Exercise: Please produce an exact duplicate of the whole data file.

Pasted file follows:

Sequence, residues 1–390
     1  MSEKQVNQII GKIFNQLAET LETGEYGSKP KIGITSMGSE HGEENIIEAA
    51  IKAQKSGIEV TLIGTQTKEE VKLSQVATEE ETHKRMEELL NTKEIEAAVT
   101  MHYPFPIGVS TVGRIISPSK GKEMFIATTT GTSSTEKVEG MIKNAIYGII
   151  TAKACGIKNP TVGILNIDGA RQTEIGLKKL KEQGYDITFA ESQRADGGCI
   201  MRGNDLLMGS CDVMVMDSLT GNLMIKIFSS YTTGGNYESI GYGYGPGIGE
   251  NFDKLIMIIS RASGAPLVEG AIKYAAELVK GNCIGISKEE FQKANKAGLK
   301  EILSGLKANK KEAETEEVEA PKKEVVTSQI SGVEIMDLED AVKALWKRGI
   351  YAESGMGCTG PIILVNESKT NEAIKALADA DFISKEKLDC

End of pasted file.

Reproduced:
Sequence, residues 1–390
     1  MSEKQVNQII GKIFNQLAET LETGEYGSKP KIGITSMGSE HGEENIIEAA
    51  IKAQKSGIEV TLIGTQTKEE VKLSQVATEE ETHKRMEELL NTKEIEAAVT
   101  MHYPFPIGVS TVGRIISPSK GKEMFIATTT GTSSTEKVEG MIKNAIYGII
   151  TAKACGIKNP TVGILNIDGA RQTEIGLKKL KEQGYDITFA ESQRADGGCI
   201  MRGNDLLMGS CDVMVMDSLT GNLMIKIFSS YTTGGNYESI GYGYGPGIGE
   251  NFDKLIMIIS RASGAPLVEG AIKYAAELVK GNCIGISKEE FQKANKAGLK
   301  EILSGLKANK KEAETEEVEA PKKEVVTSQI SGVEIMDLED AVKALWKRGI
   351  YAESGMGCTG PIILVNESKT NEAIKALADA DFISKEKLDC